Were you not one of the over 26 million people that tuned into the U.S.A.-Portugal game on Sunday? If you are, well, let's just keep that to yourself and pretend you did watch. At this point, you have no choice. In just a few hours, the United States Men's National Team (USMNT) will face off against a mighty German squad that's looking to cement their reputation as one of the tournament favorites.
Now there are a lot of crazy scenarios that could play out (all of which can be seen in this chart made by Yahoo! Sports) but the bottom line is that if the U.S. wins or draws, they will advance to the knockout stages. If the U.S. lose, their fate will rest with the result of the Portugal-Ghana game that will be played simultaneously.
Kickoff for both games is at 11 a.m. U.S. Head Coach Jurgen Klinsmann even wrote you a note to get out of work (seen above).
Kickoff: 11 a.m. - What's that? You can't make it to a bar because you have to work? Oh, that's no problem, just QUIT YOUR JOB. Or, you know, don't be a true American. Whatever.
How to watch:
On TV: ESPN, Ch. 35/1035 on Cox, Ch. 206 on DirecTV and Univision, Ch. 50/1050 on Cox and Ch. 402 on DirecTV.
Deadspin put together a video that simultaneously plays English and Spanish commentary and — surprise, surprise — the Univision announcer completely overwhelms the ESPN commentary. If you want to add an extra bit of drama to the proceedings, Univision is the clear choice. (As always, if you're actually trying to learn about the game a bit and gain insight through real-time analysis, then yea, ESPN is the way to go).
With Other People: Pretty much any sports bar with a TV should have the game (WWNO has a helpful map of where to go, as does Eater NOLA). But if you really want to immerse yourself in World Cup excitement, there are two places that stand above the rest:
1) Rendezvous Tavern on Magazine Street: The New Orleans Chapter of the American Outlaws will be hosting another watch party beginning at 10:30 a.m. with drink specials ($10 buckets, $1 imports and $5 Big Bloody Marys) and La Cocinita will be serving food out front. Rendezvous is also going to be bringing in extra televisions to accommodate any overflow.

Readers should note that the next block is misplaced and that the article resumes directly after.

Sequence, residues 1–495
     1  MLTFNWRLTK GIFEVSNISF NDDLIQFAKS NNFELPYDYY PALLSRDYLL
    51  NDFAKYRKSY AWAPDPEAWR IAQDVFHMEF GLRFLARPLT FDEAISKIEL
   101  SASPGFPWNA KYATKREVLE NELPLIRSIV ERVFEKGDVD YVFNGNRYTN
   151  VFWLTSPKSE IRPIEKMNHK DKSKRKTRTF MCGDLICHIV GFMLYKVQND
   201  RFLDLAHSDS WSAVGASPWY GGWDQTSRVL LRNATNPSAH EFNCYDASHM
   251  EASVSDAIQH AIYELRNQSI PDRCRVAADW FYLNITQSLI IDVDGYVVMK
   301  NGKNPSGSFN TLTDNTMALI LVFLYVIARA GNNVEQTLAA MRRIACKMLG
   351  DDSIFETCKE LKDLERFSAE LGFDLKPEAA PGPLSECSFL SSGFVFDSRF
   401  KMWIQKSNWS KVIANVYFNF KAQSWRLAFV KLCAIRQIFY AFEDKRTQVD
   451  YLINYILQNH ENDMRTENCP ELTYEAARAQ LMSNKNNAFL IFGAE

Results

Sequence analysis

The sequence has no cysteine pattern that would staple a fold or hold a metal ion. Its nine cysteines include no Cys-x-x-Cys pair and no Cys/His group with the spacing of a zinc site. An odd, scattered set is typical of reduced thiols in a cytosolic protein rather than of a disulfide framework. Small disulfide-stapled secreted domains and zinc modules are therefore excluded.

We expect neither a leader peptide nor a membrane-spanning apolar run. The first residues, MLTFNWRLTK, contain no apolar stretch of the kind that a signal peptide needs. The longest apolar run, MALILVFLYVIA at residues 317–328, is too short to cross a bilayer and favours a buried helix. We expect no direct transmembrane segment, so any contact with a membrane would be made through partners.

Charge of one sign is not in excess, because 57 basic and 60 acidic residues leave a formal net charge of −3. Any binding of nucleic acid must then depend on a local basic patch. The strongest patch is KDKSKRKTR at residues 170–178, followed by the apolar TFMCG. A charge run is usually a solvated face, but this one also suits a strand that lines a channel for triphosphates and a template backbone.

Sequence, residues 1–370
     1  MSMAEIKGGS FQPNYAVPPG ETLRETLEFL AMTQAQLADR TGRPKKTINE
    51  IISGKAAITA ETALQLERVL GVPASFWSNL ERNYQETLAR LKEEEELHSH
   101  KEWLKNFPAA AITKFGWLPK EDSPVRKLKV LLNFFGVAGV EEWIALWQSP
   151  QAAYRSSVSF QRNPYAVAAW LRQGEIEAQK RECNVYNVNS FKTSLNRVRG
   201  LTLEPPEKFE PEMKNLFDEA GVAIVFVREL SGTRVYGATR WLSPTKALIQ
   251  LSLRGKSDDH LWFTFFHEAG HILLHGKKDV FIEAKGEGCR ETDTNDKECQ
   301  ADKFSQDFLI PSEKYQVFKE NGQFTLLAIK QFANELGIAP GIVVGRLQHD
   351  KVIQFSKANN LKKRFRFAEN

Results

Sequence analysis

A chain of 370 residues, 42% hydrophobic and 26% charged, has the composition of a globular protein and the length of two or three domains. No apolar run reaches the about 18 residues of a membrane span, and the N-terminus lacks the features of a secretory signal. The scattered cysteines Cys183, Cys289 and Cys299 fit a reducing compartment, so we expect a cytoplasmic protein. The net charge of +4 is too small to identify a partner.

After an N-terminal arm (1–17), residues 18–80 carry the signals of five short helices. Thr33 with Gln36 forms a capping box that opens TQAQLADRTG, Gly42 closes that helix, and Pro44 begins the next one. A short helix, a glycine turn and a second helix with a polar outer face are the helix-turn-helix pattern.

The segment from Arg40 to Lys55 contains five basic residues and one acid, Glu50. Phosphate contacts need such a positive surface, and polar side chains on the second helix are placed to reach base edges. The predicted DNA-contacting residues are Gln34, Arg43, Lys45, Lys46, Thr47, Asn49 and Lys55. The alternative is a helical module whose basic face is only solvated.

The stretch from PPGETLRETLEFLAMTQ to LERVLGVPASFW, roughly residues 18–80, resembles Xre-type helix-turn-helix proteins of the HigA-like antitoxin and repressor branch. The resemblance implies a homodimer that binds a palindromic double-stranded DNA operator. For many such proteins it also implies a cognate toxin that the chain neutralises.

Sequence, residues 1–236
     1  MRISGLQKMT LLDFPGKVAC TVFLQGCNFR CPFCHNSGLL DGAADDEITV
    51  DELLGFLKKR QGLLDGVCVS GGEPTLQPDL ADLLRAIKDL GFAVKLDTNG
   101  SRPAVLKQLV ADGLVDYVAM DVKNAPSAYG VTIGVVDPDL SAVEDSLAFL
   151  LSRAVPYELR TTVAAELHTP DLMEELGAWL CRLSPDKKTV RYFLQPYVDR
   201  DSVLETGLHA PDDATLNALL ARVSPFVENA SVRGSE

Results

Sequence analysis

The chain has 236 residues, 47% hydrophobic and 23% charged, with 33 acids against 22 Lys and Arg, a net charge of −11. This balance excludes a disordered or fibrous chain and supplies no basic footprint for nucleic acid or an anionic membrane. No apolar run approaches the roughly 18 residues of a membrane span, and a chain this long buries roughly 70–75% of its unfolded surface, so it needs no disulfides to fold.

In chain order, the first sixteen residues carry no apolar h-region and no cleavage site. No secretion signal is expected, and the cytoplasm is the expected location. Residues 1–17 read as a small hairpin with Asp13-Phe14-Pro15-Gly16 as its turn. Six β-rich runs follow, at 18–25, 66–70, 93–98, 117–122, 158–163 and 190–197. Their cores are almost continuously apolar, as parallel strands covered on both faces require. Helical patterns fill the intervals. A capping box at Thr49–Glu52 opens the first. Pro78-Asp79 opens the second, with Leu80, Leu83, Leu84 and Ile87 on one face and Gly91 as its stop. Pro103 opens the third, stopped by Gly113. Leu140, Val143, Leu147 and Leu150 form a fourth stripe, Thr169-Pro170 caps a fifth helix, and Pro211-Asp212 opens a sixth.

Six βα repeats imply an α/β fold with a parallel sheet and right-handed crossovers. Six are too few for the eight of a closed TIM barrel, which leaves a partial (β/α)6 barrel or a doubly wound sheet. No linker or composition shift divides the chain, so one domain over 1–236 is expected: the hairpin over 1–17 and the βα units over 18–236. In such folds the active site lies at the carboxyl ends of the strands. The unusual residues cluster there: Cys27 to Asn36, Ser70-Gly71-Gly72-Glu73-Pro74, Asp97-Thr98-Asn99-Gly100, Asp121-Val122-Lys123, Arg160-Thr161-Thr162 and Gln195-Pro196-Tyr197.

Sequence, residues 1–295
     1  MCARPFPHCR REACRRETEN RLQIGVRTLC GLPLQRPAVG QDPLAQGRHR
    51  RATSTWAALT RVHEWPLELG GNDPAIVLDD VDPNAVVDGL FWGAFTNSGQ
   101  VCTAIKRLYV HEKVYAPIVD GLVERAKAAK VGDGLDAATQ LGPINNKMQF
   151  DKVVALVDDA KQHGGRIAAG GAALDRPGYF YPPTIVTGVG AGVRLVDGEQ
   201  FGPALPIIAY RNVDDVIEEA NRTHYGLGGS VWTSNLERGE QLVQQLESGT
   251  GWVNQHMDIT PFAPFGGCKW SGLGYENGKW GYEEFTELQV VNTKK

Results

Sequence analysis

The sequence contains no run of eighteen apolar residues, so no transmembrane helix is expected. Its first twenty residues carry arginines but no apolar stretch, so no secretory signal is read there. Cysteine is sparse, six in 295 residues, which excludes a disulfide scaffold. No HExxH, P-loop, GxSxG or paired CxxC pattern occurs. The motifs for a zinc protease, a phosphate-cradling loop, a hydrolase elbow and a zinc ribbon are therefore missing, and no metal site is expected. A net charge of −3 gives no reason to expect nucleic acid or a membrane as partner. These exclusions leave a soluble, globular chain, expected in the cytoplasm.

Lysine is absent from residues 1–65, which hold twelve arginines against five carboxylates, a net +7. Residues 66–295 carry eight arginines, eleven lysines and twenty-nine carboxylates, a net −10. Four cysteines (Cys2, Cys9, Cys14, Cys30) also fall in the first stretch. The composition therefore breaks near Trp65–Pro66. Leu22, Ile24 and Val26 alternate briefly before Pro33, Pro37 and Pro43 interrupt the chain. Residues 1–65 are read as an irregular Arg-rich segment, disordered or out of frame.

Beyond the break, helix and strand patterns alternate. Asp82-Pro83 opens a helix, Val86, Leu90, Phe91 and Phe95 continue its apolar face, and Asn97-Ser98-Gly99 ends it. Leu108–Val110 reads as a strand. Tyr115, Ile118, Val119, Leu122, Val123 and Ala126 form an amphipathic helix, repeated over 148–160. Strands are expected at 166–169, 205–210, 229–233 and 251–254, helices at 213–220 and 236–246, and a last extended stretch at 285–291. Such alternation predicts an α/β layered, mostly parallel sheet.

2) Finn McCool's: This could very well be your last chance to watch the USMNT play in New Orleans' most authentic Irish soccer pub for four years. That's a good enough excuse to leave work early if you ask me.
Last week I had this to say about the United States' unlikely win against Ghana:
Soccer, many will tell you, can be a horribly unjust game in which a team can absolutely dominate their opponent and still end up tying or losing. This is heartbreaking for losing teams on many levels but for the team that wins, it can lead to something worse: false hope.
For more than 90 minutes on Sunday, it appeared as if the hope fostered by that Ghana win was not unfounded. Then the Portugal scored and we were all (Warning, video has NSFW language):
The United States needs to get over the agonizing end to that game because, in all honesty, they're still in a good position. Clint Dempsey has scored in both games for the U.S. and Michael Bradley recovered from a disastrous first game to playing a half-way decent game against Portugal. If the U.S. can stay aggressive, maintain possession and even get a few scoring chances, there's a chance they could see their way into the knockout stages.
Germany is a much better team than the U.S. has faced thus far (evidenced by their 4-0 dismantling of Portugal) and, despite both teams needing only a tie to advance, they are looking for the win. While the uncertainty lends itself to a good bit of drama for neutral observers, it will do nothing to help any U.S. fans with high blood pressure.
Where Portugal basically relied on Ronaldo as their primary scorer, the Germans can attack from almost any point in the field. Also, in case you haven't heard, both German players and coaches have an extra incentive to beat former German head coach, and current USMNT skipper, Jurgen Klinsmann.
What to talk about to sound like you know about soccer:
For a handy guide on soccer lingo, check out this primer by the Washington Post.
A lot of the talk leading up to this game has been about whether Klinsmann is colluding with his countrymen and assure a scoreless draw so that both teams advance. Here's a long, well-researched article on why that won't happen.
Ugh, this is gonna be a long game.